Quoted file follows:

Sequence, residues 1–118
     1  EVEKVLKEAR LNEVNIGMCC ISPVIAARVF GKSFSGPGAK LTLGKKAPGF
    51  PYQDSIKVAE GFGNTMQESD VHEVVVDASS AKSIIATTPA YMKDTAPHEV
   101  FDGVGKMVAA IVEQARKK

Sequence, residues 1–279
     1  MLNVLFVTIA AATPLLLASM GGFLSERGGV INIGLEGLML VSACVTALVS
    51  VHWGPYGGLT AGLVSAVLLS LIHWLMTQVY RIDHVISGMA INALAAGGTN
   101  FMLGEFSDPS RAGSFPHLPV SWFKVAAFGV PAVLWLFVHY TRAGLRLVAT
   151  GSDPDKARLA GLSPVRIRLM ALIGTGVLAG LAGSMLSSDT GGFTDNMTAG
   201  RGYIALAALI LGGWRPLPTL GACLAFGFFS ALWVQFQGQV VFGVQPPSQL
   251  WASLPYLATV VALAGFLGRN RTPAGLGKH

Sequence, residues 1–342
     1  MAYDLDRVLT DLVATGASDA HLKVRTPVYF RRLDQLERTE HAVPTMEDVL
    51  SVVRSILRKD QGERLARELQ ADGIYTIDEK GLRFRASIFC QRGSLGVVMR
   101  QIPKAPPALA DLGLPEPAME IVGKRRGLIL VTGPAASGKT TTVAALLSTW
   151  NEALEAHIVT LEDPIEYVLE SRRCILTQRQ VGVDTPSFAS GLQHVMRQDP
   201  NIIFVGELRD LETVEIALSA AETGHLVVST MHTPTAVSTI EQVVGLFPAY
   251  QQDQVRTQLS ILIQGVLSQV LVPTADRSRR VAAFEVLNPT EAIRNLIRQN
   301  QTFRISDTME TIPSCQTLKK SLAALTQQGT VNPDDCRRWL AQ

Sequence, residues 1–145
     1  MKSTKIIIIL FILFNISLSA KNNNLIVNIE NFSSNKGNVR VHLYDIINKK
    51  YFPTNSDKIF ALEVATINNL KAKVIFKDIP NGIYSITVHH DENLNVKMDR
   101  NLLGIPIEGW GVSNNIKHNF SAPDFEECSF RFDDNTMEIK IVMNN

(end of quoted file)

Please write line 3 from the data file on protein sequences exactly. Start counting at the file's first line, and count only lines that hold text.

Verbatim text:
    51  PYQDSIKVAE GFGNTMQESD VHEVVVDASS AKSIIATTPA YMKDTAPHEV